In truth, none of the children misbehaved. The eye trackers, though, revealed that the teachers’ focused on the Black boy. When later asked which child required the most attention, 42 percent chose the Black boy. Another 34 percent chose the white boy, 13 percent chose the white girl and 10 percent chose the Black girl. Yale University researchers reported this to federal and state officials in September 2016.
Another study shows how such bias contributes to harsher discipline for Black students. Researchers asked 191 teachers of classes from kindergarten through high school to imagine teaching at a middle school depicted in a photo. The teachers then read a series of stories about a student who got into trouble twice. In one story, the student got in trouble for not following rules or for disrespecting authority figures at school. In another, the student disrupted class. Researchers told half the teachers that the student’s name was Darnell or Deshawn. These are stereotypically Black male names. The other half of the teachers were told that the boy was named Greg or Jake. These are stereotypically white male names.
After each incident, the teachers answered questions on a five-point scale. For instance, “How severe was the student’s misbehavior?” And “How severely should the student be disciplined?”
After the first bad behavior, the teachers were equally lenient toward the Black and white boys. But after the second bad behavior, the teachers rated Black boys as 25 percent more troublesome than white boys. They also recommended 30 percent harsher discipline. The researchers reported this in 2015 and called their finding the “two strikes” paradigm (PAIR-uh-dyme).
That study shows how bias can show up in institutions, says Sean Darling-Hammond. He’s a graduate student in education policy at the University of California, Berkeley. After repeated misbehaviors, teachers still forgave white kids but not the Black ones.
The Civil Rights Project’s October 11 report provides the most up-to-date snapshot of the discipline gap. Its data come from the Civil Rights Data Collection of the U.S. Department of Education. These data describe student enrollment, demographics and discipline in every major U.S. school district.
Overall suspension rates fell between the 2009-10 and 2015-16 school years. Suspension rates for kindergarteners through 12th graders fell from 4 percent to 3 percent for white students. They dropped from 16 percent to 13 percent for Black students. Throughout, Black students still were suspended at four times the rate of white students.
Kenneth Shores studies educational policy at the University of Delaware in Newark. No school policy can deal with all the differential treatment of kids at school, he says. That includes common situations. One example is when teachers praise white students while criticizing Black students. Or when they primarily call on white students in class.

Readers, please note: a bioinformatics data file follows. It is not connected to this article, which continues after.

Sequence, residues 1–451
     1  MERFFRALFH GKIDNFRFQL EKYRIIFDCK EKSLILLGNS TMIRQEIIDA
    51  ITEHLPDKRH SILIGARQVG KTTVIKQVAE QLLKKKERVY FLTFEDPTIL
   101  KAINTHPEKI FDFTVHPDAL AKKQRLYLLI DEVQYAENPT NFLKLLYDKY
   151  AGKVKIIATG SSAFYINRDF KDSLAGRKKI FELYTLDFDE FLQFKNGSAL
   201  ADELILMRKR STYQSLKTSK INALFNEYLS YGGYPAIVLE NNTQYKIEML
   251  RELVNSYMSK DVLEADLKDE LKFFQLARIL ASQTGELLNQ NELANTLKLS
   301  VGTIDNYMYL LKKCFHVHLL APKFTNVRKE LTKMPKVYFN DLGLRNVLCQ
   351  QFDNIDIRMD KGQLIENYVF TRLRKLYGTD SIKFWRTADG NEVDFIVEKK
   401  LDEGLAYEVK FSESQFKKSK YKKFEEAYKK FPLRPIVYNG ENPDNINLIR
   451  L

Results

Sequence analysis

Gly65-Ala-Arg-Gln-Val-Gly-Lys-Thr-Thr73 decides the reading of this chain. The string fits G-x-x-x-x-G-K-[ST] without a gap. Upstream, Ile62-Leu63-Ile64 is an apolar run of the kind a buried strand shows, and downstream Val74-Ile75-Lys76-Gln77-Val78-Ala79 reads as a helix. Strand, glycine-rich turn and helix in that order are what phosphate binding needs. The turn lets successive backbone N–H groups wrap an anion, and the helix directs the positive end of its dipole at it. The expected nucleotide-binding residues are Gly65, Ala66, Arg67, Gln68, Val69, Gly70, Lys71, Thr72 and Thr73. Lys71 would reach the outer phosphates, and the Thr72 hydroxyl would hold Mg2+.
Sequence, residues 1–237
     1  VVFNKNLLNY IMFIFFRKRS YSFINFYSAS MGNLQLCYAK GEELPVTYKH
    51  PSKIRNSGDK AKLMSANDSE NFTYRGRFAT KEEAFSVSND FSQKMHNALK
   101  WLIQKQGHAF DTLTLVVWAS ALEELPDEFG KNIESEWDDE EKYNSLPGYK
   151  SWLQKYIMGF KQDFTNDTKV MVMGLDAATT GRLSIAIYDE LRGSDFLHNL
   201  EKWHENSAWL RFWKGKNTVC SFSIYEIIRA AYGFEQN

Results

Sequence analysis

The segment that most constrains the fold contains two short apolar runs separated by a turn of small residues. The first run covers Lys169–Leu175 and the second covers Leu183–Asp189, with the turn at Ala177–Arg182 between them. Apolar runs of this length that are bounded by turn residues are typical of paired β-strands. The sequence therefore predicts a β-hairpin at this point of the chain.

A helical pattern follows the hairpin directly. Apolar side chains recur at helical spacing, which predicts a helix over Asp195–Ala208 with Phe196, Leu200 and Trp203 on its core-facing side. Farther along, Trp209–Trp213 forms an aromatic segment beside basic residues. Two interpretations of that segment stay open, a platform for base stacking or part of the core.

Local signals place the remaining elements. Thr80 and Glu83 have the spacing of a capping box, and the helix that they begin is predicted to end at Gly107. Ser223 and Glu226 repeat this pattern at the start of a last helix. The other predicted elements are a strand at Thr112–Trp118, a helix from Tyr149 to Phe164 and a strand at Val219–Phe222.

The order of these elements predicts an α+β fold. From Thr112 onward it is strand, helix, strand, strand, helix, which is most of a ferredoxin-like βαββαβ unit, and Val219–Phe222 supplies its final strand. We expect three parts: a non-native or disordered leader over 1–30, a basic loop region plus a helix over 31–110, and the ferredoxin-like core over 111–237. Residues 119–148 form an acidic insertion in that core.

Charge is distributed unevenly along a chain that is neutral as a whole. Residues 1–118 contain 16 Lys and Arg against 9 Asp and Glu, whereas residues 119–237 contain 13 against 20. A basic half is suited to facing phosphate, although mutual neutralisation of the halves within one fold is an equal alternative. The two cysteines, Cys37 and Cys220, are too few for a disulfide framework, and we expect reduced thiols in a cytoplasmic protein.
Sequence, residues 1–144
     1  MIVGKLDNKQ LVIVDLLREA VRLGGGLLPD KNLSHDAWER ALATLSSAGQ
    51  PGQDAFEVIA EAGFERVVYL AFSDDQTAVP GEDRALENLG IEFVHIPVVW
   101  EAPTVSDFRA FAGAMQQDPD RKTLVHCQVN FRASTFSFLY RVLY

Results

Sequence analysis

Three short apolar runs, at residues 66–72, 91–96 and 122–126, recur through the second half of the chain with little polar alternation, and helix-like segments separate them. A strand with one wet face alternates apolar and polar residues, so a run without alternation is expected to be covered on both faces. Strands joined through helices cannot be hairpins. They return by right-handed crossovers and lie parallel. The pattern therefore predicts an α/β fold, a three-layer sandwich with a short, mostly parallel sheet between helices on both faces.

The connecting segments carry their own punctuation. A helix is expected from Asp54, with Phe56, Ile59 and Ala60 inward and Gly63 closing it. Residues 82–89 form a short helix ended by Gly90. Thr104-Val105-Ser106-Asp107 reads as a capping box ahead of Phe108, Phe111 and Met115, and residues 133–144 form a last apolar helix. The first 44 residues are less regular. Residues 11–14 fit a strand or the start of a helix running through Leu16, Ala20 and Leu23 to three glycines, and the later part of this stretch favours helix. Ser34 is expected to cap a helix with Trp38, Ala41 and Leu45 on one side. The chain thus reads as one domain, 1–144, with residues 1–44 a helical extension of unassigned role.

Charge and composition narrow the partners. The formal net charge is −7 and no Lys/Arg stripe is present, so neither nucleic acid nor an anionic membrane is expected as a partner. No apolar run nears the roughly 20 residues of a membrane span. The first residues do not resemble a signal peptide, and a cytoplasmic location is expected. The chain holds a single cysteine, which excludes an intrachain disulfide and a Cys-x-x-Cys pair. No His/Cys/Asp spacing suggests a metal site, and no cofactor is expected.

But many current actions taken to improve the school climate sidestep issues of race. For instance, several programs rely on “restorative justice.” That brings victims and offenders together to discuss an incident. It gives all parties a voice. This approach is often used in criminal-justice settings.
Restorative justice can help teachers change how they cope with classroom issues. In schools, it also can build trust and open communications. It often is used instead of discipline.
For instance, many schools use a multi-tier system of support for students and staff. Tier one is prevention. Students come together in so-called community-building circles. They discuss a prompt or a question. Then they listen to each other’s perspectives. At tier two, students involved in a minor dispute work together in “responsive circles.” Those circles work to solve the problem. At tier 3, everyone involved in a serious dispute takes part in a “restorative conference.” Here, a trained guide moderates the discussions. If a student is still suspended, educators later welcome the student back to school. They then gauge if that student needs more support to get caught up on classes.
This has been tried in Denver, Colo. As of 2017, more than 2,500 teachers had been trained to lead these types of circles. In 2006, Denver’s suspension gap between Black and white students had been 12 percentage points. About 6 percent of white students had been suspended compared with 18 percent of Black students. By 2013, the gap had narrowed to 8 percentage points. Researchers described the improvement in Closing the School Discipline Gap, a book Losen coedited.
But schools were still suspending more Black students than white students. In effect, the color-blind approach worsened the racial-suspension gap. It went from a three-fold difference between Black and white students to an almost five-fold one now.
Decades have passed since Gregory observed that young boy waiting outside the principal’s office. And she is still working to help children like him.